Sen. Kristen Gillibrand (D-N.Y.) (July 13, 2009)

Sen. Kristen Gillibrand (D-N.Y.) (July 13, 2009) Credit: Getty Images File

Sen. Kirsten Gillibrand said Sunday that she will reintroduce a bill that would crack down on illegal gun sales by increasing penalties for the illegal transport and sale of firearms.

The Gun Trafficking Prevention Act didn't pass in 2009 when it came up for a vote in both chambers of Congress after Gillibrand (D-N.Y.) introduced it.

The act would make it illegal to receive or deliver two or more firearms for anyone who suspects that they will be used in a crime and erase the distinction between trafficking and conspiring to traffic. It would penalize trafficking with up to 20 years in prison, with kingpins receiving an additional five years.

The act would crack down on licensed gun dealers who do not perform adequate background checks on their buyers by revoking their licenses for up to six months and imposing fines of up to $2,500 per violation.

"A very small minority of dealers are contributing to the cycle of violence that puts our children and our communities at grave risk," Gillibrand said Sunday.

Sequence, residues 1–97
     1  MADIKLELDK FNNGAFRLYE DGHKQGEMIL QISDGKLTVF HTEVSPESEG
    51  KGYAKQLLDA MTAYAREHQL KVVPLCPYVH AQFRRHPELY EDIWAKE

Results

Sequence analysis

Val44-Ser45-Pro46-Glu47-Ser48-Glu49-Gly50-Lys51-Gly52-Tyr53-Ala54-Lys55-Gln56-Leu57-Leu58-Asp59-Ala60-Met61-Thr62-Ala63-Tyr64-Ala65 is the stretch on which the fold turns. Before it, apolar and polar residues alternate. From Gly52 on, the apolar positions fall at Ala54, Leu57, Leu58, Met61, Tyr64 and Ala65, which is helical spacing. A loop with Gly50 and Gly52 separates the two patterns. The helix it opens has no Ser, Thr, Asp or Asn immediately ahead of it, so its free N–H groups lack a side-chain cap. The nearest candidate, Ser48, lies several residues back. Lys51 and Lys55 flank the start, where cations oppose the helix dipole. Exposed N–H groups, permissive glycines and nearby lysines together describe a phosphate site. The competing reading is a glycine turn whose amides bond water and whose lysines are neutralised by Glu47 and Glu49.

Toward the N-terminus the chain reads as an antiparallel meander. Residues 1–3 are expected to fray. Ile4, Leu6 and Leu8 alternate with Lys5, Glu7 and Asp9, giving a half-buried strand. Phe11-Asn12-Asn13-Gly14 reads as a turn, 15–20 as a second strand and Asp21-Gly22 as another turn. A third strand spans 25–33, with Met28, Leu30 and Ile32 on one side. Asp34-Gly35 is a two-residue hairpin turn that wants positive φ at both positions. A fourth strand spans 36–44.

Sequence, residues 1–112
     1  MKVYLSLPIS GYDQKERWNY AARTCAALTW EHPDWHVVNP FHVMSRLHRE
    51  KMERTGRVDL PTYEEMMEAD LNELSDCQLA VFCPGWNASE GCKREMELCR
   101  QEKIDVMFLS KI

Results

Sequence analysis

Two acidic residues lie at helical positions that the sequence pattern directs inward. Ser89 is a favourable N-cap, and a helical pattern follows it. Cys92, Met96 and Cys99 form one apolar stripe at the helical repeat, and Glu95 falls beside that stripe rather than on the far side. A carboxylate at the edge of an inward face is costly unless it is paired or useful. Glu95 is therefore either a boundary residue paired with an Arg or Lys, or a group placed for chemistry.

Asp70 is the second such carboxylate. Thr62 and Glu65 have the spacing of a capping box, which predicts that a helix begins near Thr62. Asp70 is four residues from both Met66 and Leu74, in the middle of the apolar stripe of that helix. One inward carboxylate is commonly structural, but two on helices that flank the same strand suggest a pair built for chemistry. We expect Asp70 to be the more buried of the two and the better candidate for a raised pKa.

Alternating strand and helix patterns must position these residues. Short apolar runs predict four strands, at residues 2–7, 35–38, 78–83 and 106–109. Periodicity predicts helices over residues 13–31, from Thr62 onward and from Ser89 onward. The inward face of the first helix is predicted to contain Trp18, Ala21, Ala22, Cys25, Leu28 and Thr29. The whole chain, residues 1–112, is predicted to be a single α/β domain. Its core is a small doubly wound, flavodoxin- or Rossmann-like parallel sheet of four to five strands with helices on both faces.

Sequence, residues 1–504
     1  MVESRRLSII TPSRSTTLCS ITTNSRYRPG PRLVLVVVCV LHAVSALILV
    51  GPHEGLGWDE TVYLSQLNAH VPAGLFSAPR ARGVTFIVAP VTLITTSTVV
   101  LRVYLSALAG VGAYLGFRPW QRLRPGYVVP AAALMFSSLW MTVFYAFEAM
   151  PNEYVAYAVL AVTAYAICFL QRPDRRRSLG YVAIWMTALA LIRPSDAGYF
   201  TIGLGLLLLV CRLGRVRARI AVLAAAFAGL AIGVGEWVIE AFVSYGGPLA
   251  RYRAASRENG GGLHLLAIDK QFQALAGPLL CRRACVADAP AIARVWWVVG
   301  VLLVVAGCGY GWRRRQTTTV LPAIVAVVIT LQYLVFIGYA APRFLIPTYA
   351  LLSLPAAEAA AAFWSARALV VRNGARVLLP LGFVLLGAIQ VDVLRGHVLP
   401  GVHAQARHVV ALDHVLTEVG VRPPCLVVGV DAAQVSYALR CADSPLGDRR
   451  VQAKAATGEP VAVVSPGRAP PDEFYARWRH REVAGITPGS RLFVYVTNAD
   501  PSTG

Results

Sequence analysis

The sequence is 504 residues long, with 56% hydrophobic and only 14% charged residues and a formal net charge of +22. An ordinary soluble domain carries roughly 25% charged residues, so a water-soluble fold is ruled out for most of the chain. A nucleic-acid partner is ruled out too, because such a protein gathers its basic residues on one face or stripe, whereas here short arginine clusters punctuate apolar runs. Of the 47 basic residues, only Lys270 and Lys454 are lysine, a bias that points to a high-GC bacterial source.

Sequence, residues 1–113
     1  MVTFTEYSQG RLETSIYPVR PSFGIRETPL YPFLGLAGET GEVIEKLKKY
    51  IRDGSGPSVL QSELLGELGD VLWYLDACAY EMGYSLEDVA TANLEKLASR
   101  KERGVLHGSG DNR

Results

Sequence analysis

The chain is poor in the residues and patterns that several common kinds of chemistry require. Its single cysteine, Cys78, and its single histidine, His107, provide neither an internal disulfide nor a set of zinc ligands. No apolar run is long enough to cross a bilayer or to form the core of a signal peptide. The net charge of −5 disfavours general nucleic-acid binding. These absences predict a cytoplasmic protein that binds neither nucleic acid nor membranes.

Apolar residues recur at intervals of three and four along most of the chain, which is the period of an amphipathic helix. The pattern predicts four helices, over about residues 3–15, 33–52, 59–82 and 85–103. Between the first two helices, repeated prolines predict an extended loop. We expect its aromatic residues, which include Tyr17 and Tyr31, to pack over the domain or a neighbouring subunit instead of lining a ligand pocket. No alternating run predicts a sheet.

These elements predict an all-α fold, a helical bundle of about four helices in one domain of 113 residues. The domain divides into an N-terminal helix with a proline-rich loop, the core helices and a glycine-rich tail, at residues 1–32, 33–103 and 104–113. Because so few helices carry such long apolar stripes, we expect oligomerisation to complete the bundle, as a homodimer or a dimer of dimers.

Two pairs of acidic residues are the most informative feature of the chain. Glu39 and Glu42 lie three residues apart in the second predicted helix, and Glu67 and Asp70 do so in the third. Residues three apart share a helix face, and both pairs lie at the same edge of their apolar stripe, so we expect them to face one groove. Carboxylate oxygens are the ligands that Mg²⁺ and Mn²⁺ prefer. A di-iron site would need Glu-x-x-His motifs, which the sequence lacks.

State Attorney General Eric Schneiderman, a Democrat, said he backs the act because more gun vendors in New York are selling firearms to customers without doing proper background checks.

"It is really remarkable that in December of 2011, we have to stand here to hear Senator Gillibrand say that she is introducing a bill to make gun trafficking illegal," said SchneidermanHe said New York gun show vendors have sold firearms to undercover agents claiming to not be able to pass such checks. Vendors on Long Island and upstate have been criminally charged.

Gillibrand cited NYPD statistics showing 90 percent of firearms used in criminal activities in New York City come from states with more lax gun legislation, to bolster her view that national legislation is needed. She said most people who buy guns and bring them into the state aren't the ones that use them. The bill will go after all members of the trafficking chain.

It would grant more resources to the Bureau of Alcohol, Tobacco, Firearms and Explosives, which is authorized to conduct yearly inspections of all federally licensed dealers, but can only do so in seven to 10 years. Schneiderman said with an additional $100 million, the bureau could decrease its inspection period to three years.

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